• Since PI 3-kinase/Akt axis is active in prostate cancer, cross-talk between PI 3-kinase/Akt and AR signalling pathways may have implications for endocrine therapy.
  • [MeSH-minor] Animals. Blotting, Northern. Cell Differentiation. Cell Division. Cell Line. Dose-Response Relationship, Drug. Enzyme Inhibitors / pharmacology. Gene Expression Regulation, Enzymologic. Humans. MAP Kinase Signaling System. Male. Mice. Phosphorylation. Protein Binding. Proto-Oncogene Proteins c-akt. RNA / metabolism. Signal Transduction. Time Factors. Transfection. Tumor Cells, Cultured

  • MedlinePlus Health Information. consumer health - Prostate Cancer.
  • NCI CPTAC Assay Portal. NCI CPTAC Assay Portal .
  • NCI CPTAC Assay Portal. NCI CPTAC Assay Portal .
  • NCI CPTC Antibody Characterization Program. NCI CPTC Antibody Characterization Program .
  • NCI CPTC Antibody Characterization Program. NCI CPTC Antibody Characterization Program .
  • NCI CPTC Antibody Characterization Program. NCI CPTC Antibody Characterization Program .
  • [Email] Email this result item
    Email the results to the following email address:   [X] Close
  • [Cites] Cancer Res. 1998 Jul 1;58(13):2720-3 [9661880.001]
  • [Cites] Clin Chem. 1998 Apr;44(4):705-23 [9554481.001]
  • [Cites] Endocrinology. 1999 Jan;140(1):350-7 [9886845.001]
  • [Cites] Endocrinology. 1999 Mar;140(3):1481-91 [10067877.001]
  • [Cites] J Cell Biol. 1999 Mar 22;144(6):1337-48 [10087274.001]
  • [Cites] Cell. 1999 Mar 19;96(6):857-68 [10102273.001]
  • [Cites] Proc Natl Acad Sci U S A. 1999 May 11;96(10):5458-63 [10318905.001]
  • [Cites] Curr Biol. 1999 Jun 3;9(11):601-4 [10359702.001]
  • [Cites] J Biol Chem. 1999 Nov 5;274(45):32274-8 [10542266.001]
  • [Cites] Biochem J. 1999 Dec 1;344 Pt 2:427-31 [10567225.001]
  • [Cites] J Cell Biol. 2000 Apr 17;149(2):431-46 [10769034.001]
  • [Cites] J Androl. 2000 Sep-Oct;21(5):641-50 [10975410.001]
  • [Cites] Biochem Pharmacol. 2000 Oct 15;60(8):1051-9 [11007941.001]
  • [Cites] Cancer Res. 2000 Dec 15;60(24):6841-5 [11156376.001]
  • [Cites] Proc Natl Acad Sci U S A. 2001 Mar 27;98(7):3690-4 [11274386.001]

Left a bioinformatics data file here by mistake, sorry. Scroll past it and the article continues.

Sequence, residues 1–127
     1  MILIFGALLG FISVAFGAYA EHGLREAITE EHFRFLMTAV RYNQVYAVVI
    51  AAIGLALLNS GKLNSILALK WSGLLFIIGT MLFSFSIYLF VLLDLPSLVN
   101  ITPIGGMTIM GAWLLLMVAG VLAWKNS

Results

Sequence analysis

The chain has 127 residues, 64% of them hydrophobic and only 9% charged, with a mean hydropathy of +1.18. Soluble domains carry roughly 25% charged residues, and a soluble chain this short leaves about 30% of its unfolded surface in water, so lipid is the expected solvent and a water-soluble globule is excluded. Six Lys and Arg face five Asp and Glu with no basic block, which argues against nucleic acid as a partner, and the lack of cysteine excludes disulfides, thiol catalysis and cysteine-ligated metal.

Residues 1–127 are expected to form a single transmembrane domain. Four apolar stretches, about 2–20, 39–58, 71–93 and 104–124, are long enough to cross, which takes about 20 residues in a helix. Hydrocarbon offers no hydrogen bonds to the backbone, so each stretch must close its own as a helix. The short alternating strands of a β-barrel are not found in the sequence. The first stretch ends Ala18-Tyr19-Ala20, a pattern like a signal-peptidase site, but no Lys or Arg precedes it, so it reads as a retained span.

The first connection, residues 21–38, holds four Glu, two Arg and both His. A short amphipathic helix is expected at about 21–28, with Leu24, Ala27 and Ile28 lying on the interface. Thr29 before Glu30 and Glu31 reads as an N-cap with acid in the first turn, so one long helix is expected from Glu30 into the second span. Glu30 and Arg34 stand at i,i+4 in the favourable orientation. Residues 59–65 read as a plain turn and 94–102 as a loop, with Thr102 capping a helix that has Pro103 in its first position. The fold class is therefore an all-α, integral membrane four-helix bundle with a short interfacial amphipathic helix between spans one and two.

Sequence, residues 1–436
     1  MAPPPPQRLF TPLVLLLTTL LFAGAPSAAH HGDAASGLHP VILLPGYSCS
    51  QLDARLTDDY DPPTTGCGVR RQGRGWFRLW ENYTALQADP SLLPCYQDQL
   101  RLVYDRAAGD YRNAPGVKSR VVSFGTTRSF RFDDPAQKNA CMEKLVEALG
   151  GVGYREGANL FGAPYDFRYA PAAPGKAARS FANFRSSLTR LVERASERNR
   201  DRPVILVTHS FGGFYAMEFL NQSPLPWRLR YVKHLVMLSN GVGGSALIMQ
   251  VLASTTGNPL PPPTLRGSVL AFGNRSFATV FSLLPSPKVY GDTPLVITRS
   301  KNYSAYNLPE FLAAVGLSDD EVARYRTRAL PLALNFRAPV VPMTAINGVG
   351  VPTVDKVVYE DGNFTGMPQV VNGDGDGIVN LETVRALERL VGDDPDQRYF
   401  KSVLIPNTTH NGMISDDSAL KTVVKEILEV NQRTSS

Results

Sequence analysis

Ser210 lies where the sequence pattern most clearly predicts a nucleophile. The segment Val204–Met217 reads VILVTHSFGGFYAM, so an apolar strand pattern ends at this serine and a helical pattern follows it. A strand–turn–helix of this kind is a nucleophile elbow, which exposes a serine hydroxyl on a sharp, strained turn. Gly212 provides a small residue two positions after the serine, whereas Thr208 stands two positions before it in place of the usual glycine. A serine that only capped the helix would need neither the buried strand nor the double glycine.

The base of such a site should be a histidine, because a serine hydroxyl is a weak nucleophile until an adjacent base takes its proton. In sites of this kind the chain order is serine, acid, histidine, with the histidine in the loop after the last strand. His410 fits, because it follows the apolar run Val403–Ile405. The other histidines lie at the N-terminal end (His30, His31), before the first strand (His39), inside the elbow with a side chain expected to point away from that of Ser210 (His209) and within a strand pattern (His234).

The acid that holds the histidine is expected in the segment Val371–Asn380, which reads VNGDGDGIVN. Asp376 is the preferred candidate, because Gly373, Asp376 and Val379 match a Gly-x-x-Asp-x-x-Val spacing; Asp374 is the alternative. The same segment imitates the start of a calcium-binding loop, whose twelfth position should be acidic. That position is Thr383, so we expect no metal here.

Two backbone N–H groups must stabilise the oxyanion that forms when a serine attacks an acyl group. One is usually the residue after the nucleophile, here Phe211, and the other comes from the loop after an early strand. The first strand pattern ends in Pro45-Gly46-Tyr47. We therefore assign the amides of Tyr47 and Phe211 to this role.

• [Cites] J Steroid Biochem Mol Biol. 1990 Sep;37(1):39-45 [2242351.001]
  • [Cites] Int J Cancer. 1991 May 10;48(2):189-93 [1708363.001]
  • [Cites] J Biol Chem. 1992 Jan 15;267(2):968-74 [1730684.001]
  • [Cites] Biofactors. 1992 Jan;3(3):151-7 [1599609.001]
  • [Cites] Endocrinology. 1992 Nov;131(5):2378-86 [1385102.001]
  • [Cites] J Androl. 1992 Nov-Dec;13(6):465-75 [1293128.001]
  • [Cites] Ann Intern Med. 1993 May 15;118(10):804-18 [7682387.001]
  • [Cites] J Biol Chem. 1994 Feb 18;269(7):5241-8 [8106507.001]
  • [Cites] Cancer Res. 1994 Oct 15;54(20):5474-8 [7522959.001]
  • [Cites] Cancer Res. 1994 Dec 1;54(23):6049-52 [7525052.001]
  • [Cites] Biochem Biophys Res Commun. 1994 Oct 28;204(2):446-52 [7980500.001]
  • [Cites] Vitam Horm. 1994;49:433-502 [7810075.001]
  • [Cites] N Engl J Med. 1995 May 25;332(21):1393-8 [7723794.001]
  • [Cites] Steroids. 1996 Sep;61(9):531-9 [8883219.001]
  • [Cites] Biochem J. 1996 Nov 1;319 ( Pt 3):657-67 [8920964.001]
  • [Cites] Proc Natl Acad Sci U S A. 1997 Oct 14;94(21):11345-50 [9326612.001]
  • [Cites] Cancer Res. 1999 Jun 15;59(12):2891-7 [10383151.001]
  • [Cites] Biochim Biophys Acta. 1997 Dec 9;1333(3):F217-48 [9426205.001]
  • [Cites] Biochim Biophys Acta. 1998 Jan 2;1401(1):113-20 [9459491.001]
  • [Cites] Genes Dev. 1998 Feb 15;12(4):502-13 [9472019.001]
  • [Cites] J Biol Chem. 1998 Feb 27;273(9):5315-22 [9478990.001]
  • [Cites] Prostate. 1998 Apr 1;35(1):63-70 [9537601.001]
  • [Cites] J Biol Chem. 1998 Dec 4;273(49):32377-9 [9829964.001]
  • (PMID = 11971763.001).
  • [ISSN] 0264-6021
  • [Journal-full-title] The Biochemical journal
  • [ISO-abbreviation] Biochem. J.
  • [Language] eng
  • [Publication-type] Journal Article; Research Support, Non-U.S. Gov't
  • [Publication-country] England
  • [Chemical-registry-number] 0 / Enzyme Inhibitors; 0 / Proto-Oncogene Proteins; 0 / Receptors, Androgen; 63231-63-0 / RNA; EC 2.7.1.- / Phosphatidylinositol 3-Kinases; EC 2.7.11.1 / AKT1 protein, human; EC 2.7.11.1 / Protein-Serine-Threonine Kinases; EC 2.7.11.1 / Proto-Oncogene Proteins c-akt
  • [Other-IDs] NLM/ PMC1222812
  •  go-up   go-down


23. Hassan HT: Ajoene (natural garlic compound): a new anti-leukaemia agent for AML therapy. Leuk Res; 2004 Jul;28(7):667-71
The Lens. Cited by Patents in .

  • [Source] The source of this record is MEDLINE®, a database of the U.S. National Library of Medicine.
  • [Title] Ajoene (natural garlic compound): a new anti-leukaemia agent for AML therapy.
  • Several garlic compounds including allicin and its corresponding sulfide inhibit the proliferation and induce apoptosis of several human non-leukaemia malignant cells including breast, bladder, colorectal, hepatic, prostate cancer, lymphoma and skin tumour cell lines.
  • Recently, topic application of ajoene has produced significant clinical response in patients with skin basal cell carcinoma.
  • More significantly, ajoene profoundly enhanced the apoptotic effect of the two chemotherapeutic drugs: cytarabine and fludarabine in human CD34-positive resistant myeloid leukaemia cells through enhancing their bcl-2 inhibitory and caspase-3 activation activities.
  • Studies have shown the anti-proliferation activity of ajoene to be associated with a block in the G2/M phase of cell cycle in human myeloid leukaemia cells.
  • Since acute myeloid leukaemia (AML) is a heterogeneous malignant disease in which disease progression at the level of CD34-positive cells has a major impact on resistance to chemotherapy and relapse and the inability to undergo apoptosis is a crucial mechanism of multi-drug resistance in AML patients.